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Epic Of Beowulf The Conflicts Of Beowulf

1961 words - 8 pages

The Conflicts of Beowulf         

 
  George Clark in “The Hero and the Theme” make reference to an interior conflict within the Beowulf hero himself, and how the hero appears to lose this conflict:

 

Although a strong critical movement followed Klaeber in taking Beowulf as a Christian hero or even Christ figure, the most numerous and influential body of postwar critics, including Margaret Goldsmith (1960, 1962, 1970), read the poem as faulting the hero for moral filures according to one or another Christian standard of judgment (see also Bolton 1978). The poem became a neo-Aritotelian tragedy in which the hero’s flaw could be identified as a sin, greed, or pride (279).

 

The conflicts of Beowulf are both external and internal, and are quite numerous. Conflict is how one describes the relationship between the protagonist and antagonist in a literary work (Abrams 225). There is also another type of conflict which Clark describes above and which takes place within the mind and soul of a given character.

 

H. L. Rogers in “Beowulf’s Three Great Fights” expresses his opinion as a literary critic regarding conflicts in the poem:

 

The superhuman forces are Fate, the heathen gods, or the Christian God; conflicts between them and the hero’s character are frequently found. . . .The treatment in the three great fights of the motives of weapons, treasure and society implies a moral idea in which the poet believed: that a man should not trust in the things of this world, for they will fail him. Another aspect of this idea comes out clearly in the account of the first fight: that a man should trust rather in God and in the natural powers God gives him, for these will not fail him(234-37).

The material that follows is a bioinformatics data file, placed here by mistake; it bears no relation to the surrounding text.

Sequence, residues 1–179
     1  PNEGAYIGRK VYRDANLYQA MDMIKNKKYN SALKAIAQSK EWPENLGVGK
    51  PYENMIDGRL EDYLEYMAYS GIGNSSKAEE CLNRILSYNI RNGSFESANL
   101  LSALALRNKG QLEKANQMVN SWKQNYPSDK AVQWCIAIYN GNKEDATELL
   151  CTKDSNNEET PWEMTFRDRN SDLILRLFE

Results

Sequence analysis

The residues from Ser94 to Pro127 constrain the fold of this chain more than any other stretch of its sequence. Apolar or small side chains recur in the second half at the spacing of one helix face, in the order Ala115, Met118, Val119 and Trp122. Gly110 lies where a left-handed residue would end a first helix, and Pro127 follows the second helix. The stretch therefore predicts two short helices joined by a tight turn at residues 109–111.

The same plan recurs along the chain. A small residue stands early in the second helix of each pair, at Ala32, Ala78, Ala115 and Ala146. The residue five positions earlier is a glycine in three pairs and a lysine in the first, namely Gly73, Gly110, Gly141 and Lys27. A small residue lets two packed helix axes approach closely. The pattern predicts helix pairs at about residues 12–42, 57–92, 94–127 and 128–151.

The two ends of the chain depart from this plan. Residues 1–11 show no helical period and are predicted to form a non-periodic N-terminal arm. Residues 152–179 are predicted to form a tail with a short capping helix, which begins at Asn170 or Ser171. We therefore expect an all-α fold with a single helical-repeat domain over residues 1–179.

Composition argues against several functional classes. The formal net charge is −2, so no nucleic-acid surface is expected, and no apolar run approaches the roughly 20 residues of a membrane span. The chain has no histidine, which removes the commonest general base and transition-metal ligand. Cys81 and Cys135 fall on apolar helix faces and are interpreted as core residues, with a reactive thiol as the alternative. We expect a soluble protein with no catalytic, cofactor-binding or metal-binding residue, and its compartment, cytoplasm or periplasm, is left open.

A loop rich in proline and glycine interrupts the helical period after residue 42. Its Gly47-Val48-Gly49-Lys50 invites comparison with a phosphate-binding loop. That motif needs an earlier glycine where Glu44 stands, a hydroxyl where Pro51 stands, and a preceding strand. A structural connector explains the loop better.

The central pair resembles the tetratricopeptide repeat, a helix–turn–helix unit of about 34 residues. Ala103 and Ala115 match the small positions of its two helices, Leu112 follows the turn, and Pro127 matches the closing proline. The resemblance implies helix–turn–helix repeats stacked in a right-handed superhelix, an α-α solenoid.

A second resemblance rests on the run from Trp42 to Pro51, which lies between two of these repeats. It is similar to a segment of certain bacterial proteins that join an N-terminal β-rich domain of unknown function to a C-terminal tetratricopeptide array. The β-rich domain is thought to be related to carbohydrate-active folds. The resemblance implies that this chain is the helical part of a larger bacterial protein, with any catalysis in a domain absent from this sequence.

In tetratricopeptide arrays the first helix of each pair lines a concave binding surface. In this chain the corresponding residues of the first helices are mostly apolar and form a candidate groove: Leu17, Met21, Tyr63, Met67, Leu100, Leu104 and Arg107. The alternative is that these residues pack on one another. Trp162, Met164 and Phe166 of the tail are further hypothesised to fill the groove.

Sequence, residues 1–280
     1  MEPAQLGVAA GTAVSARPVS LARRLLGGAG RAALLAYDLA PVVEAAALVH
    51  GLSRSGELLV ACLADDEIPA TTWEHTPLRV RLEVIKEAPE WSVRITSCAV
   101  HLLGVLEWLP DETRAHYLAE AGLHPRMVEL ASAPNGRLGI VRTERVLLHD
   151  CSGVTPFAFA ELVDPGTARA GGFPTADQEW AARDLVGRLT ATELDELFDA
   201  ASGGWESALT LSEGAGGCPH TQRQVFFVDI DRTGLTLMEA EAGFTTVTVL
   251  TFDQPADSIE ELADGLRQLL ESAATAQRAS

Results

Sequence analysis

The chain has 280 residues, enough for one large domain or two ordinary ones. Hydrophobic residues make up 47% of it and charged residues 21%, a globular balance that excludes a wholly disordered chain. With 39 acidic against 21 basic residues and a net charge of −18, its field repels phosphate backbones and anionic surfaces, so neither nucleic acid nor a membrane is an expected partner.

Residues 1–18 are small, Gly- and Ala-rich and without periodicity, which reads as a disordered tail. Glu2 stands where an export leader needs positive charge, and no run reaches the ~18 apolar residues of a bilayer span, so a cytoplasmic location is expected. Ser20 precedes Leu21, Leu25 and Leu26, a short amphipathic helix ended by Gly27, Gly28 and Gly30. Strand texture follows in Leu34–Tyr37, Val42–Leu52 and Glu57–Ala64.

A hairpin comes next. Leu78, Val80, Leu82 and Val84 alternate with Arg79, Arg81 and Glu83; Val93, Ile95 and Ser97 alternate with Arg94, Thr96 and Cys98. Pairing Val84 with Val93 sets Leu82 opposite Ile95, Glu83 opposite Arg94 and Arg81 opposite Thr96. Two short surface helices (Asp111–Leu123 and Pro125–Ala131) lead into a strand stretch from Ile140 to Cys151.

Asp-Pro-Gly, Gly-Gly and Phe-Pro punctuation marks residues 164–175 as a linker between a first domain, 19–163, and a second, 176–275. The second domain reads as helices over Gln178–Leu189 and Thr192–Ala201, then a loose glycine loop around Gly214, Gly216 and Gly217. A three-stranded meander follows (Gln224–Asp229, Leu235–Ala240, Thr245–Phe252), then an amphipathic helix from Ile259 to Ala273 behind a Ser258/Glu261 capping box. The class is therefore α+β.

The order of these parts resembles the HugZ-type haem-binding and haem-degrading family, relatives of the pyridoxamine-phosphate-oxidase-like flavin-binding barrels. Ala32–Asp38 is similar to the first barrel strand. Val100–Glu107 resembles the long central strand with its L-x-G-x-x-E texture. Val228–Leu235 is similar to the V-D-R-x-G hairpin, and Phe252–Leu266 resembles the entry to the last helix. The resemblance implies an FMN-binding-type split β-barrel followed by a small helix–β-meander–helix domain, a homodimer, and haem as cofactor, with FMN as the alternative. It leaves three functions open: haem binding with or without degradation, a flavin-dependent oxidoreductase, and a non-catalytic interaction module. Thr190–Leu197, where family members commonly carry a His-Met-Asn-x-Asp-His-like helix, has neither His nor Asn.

King Hrothgar’s construction of Heorot and the subsequent enhancement of the joy of the Danes precipitated the first serious conflicts in Beowulf:

 

So lived the clansmen in cheer and revel

a winsome life, till one began

to fashion evils, that field of hell.

Grendel this monster grim was called,

march-riever mighty, in moorland living,

in fen and fastness; fief of the giants

the hapless wight a while had kept

since the Creator his exile doomed.

 

This “kin of Cain” Grendel could not endure the joy of the Danes and their celebration of God’s creation of the world. Consequently he attacked Heorot and killed 30 warriors the first night. Thus the reader sees a very serious external conflict between this monster and the Danish people. This situation brought about a serious internal conflict within their king, Hrothgar, who was totally frustrated by his inability to get rid of Grendel:

 

THUS seethed unceasing the son of Healfdene

with the woe of these days; not wisest men

assuaged his sorrow; too sore the anguish,

loathly and long, that lay on his folk,

most baneful of burdens and bales of the night.

 

 

 The continuing conflict with the monster,...

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